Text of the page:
@YOBRO: That is a silly argument and you know it. Tendulkar's career spanned 20 years. All these pacers didn't simultaneously PLAY for those 20 years let alone playing at their peak. Pacers are not batsmen and even batsmen rarely have Tendulkar's longevity, his rarest quality WAS to maintain that standard for 2o long years. Appreciate that without belittling other legends to prop him up. A man like Tendulkar doesn't deserve to be made small by this talk. If batting in the 4th innings in all the time Younis played was that easy Tendulkar could have bettered Younis. Their careers coincided for a long time. Fact is he didn't and does that make him less of a great? No it doesn't. Admire Tendulkar's longevity and Younis's resilience instead of belittling them both.

  • Asif on July 11, 2015, 19:59 GMT

    No is the answer. We are probably seeing more 300 plus scores in the 4th innings because of batting friendly pitches around the world and general decline in both pace and spin bowling (compared to the 80s for instance) since the mid 2000s. Look at Australia today. They went from 97/1 to 242 all out. Pak chased down 377 against Lanka with ease despite being reduced to 13/2 in the 4th innings but that was mainly due to some exceptional batting by both Younis Khan and Shan Masood. It is not going to happen every day for sure.

  • Abhishek on July 11, 2015, 19:13 GMT

    @Yobro- Well said. Had India won at Chennai in 1999 we might as well have seen Sachin's career taking on a slightly different trajectory. But whatever he achieved was more than sufficient for us. Whatever he could not- we got other players to do that. They sort of "stood on his shoulders"!

  • Sunil on July 11, 2015, 17:39 GMT

    Again, this is not about Tendulkar. But it has been made out to be thanks to the comments here. Regardless, Tendulkar is clearly the benchmark. Your remarks are quite ignorant. If he'd faced Akram more, he would've scored plenty. Did you see the 136 in Chennai? Did you see the ball reversing? Trying facing Wasim/Waqar and add to that Saqlain at his peak, on day 5 too. Nowadays 4th innings are played on Day 4. Have you tried playing with a bad back? Not a single life too in that innings. Go watch the footage, it is all there on Youtube. Oh, and by your own logic, if Younis and modern day greats like S'kkara, etc played real bowlers like Hadlee, McDermott, Lee, McGrath, Wasim, Waqar, Ambrose, Walsh, and the like, they would've been found out a lot more. The differences is Tendulkar has. So, please, spare us...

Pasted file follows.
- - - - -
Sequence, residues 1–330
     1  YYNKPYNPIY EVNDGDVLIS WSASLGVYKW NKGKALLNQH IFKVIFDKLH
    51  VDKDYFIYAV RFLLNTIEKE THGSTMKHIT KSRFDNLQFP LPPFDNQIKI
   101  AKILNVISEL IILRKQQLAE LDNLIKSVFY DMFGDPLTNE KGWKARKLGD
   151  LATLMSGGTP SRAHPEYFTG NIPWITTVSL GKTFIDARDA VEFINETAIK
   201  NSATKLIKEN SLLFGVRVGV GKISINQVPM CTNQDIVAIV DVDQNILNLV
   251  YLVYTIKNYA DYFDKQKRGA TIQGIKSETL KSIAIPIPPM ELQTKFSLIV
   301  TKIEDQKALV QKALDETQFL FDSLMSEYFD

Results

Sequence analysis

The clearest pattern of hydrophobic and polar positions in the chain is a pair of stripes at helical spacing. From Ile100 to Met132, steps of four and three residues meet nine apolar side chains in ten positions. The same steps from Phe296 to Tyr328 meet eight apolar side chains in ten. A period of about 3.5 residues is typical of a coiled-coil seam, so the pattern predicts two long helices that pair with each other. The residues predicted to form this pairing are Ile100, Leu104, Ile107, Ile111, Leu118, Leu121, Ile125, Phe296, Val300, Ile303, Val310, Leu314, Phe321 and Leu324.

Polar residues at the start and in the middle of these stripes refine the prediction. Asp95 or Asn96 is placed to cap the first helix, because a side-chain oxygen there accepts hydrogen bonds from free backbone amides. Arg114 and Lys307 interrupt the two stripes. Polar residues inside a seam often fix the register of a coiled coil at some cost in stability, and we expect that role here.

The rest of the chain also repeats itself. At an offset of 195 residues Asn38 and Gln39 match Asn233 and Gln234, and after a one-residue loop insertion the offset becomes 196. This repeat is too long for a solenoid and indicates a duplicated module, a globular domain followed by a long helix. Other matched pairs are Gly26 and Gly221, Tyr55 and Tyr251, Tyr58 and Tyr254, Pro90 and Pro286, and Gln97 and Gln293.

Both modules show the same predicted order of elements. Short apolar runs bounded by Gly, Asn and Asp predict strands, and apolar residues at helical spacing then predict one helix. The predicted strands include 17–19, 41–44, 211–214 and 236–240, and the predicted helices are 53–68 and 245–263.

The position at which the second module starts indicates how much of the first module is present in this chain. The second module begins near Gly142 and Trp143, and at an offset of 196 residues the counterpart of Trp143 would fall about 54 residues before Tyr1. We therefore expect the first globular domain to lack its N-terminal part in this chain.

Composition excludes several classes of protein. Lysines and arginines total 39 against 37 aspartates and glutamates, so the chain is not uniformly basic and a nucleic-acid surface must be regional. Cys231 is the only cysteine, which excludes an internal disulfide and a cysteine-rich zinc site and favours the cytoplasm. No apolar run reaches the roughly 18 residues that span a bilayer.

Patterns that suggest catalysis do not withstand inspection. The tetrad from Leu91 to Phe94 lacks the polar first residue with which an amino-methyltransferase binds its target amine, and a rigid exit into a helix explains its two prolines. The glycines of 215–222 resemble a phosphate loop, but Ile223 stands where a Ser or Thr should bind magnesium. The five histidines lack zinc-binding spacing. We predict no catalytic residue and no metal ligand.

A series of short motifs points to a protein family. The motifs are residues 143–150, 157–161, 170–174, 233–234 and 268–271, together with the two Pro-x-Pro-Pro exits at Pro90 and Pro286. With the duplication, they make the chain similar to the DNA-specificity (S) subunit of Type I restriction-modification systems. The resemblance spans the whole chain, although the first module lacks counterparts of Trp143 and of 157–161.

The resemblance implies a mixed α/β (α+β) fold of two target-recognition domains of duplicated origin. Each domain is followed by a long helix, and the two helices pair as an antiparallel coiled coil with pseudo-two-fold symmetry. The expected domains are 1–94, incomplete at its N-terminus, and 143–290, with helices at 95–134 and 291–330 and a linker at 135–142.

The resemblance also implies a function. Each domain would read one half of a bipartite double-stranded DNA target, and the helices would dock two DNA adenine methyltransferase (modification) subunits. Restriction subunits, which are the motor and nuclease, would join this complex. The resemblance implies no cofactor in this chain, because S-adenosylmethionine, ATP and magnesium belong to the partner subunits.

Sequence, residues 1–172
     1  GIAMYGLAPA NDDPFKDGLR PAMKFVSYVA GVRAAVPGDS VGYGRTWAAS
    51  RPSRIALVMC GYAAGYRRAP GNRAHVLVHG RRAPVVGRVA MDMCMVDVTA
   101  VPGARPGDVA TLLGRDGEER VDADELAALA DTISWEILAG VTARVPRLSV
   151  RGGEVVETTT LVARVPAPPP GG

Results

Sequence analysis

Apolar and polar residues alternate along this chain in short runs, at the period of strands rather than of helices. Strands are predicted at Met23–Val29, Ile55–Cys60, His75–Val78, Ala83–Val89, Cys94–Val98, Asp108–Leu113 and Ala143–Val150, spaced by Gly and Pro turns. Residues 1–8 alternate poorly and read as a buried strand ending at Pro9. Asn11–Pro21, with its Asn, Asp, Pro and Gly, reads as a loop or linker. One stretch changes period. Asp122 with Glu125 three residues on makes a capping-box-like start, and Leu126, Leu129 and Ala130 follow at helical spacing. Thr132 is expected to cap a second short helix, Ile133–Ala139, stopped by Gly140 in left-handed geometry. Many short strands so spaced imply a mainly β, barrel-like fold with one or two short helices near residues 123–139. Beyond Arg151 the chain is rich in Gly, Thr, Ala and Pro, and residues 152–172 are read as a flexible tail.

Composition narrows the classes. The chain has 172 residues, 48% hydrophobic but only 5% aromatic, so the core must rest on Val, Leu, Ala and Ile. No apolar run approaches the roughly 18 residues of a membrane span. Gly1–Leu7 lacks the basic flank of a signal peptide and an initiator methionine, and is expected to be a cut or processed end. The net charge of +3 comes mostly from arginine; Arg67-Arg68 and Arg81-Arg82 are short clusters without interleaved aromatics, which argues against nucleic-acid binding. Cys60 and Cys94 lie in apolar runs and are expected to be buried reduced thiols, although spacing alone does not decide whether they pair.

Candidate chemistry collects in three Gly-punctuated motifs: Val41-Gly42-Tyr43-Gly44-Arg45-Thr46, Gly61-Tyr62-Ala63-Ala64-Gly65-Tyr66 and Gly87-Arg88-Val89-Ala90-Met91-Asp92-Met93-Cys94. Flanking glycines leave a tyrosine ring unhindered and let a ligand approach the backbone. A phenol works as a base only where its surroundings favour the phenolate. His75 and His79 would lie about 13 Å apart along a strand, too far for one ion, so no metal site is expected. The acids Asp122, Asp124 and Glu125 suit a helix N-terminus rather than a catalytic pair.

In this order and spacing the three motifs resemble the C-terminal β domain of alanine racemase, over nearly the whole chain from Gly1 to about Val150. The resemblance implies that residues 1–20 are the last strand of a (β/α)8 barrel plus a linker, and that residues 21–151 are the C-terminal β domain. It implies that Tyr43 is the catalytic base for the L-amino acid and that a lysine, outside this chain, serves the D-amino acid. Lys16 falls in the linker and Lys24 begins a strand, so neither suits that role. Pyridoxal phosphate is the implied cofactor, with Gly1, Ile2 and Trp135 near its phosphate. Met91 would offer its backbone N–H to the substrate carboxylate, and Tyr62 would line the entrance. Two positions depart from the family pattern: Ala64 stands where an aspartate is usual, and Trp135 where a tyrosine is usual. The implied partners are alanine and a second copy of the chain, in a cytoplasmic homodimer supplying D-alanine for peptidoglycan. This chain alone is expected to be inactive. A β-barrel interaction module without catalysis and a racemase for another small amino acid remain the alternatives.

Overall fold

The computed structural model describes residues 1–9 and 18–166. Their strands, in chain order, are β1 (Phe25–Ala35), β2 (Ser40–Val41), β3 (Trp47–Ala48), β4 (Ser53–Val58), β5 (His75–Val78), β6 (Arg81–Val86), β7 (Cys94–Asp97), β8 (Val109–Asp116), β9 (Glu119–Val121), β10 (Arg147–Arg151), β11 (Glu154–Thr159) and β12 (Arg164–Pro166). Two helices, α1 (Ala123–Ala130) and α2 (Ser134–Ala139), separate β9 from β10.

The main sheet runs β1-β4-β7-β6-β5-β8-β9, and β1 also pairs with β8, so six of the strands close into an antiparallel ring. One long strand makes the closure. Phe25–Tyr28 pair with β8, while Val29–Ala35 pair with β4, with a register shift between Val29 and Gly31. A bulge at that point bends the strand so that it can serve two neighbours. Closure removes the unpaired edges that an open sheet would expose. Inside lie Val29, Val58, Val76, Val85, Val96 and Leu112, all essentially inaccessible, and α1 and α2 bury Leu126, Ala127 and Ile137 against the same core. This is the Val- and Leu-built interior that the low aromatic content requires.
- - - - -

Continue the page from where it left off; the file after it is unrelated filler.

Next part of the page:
• Rayhan on July 11, 2015, 14:51 GMT

    As we can see how Austraia are struggling in a similar chase, it can be concluded that these chases are still very difficult. As least that's what Gower, Nasser, Botham, Ponting and the like think! Should we take their view or your Mr Rajesh?? This was the 6th highest chase ever in tests. [;ease give credit where due. @Yobro, Sachin didn't almost win the game against Wasim, he lost it as he couldn't overcome nerves, something which was very obvious when he faced Wasim and co. Even in the 2003 WC, he was dropped by Abdul Razzak, a sitter, when he had barely scored. So please do not bring that up. Sachin has been the beneficiary of the big bat and not so good bowlers, like Wasim, Waqar, Marshall, Ambrose, etc. He clearly would've ended his career much sooner like Srikant, if had faced Akram a little more.